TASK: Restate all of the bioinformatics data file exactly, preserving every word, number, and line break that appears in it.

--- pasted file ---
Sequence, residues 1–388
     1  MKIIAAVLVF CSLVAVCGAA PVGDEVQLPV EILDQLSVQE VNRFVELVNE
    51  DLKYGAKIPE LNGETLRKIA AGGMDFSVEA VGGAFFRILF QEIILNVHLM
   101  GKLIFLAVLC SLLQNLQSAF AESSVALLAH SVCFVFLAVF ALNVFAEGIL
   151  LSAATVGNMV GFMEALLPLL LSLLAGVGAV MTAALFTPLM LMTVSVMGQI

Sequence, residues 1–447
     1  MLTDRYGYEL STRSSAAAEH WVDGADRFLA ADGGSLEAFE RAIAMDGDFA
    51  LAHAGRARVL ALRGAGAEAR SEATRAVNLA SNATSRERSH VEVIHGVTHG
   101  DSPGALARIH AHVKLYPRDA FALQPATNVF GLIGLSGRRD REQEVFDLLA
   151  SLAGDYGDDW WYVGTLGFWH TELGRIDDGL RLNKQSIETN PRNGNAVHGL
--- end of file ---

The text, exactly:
Sequence, residues 1–388
     1  MKIIAAVLVF CSLVAVCGAA PVGDEVQLPV EILDQLSVQE VNRFVELVNE
    51  DLKYGAKIPE LNGETLRKIA AGGMDFSVEA VGGAFFRILF QEIILNVHLM
   101  GKLIFLAVLC SLLQNLQSAF AESSVALLAH SVCFVFLAVF ALNVFAEGIL
   151  LSAATVGNMV GFMEALLPLL LSLLAGVGAV MTAALFTPLM LMTVSVMGQI

Sequence, residues 1–447
     1  MLTDRYGYEL STRSSAAAEH WVDGADRFLA ADGGSLEAFE RAIAMDGDFA
    51  LAHAGRARVL ALRGAGAEAR SEATRAVNLA SNATSRERSH VEVIHGVTHG
   101  DSPGALARIH AHVKLYPRDA FALQPATNVF GLIGLSGRRD REQEVFDLLA
   151  SLAGDYGDDW WYVGTLGFWH TELGRIDDGL RLNKQSIETN PRNGNAVHGL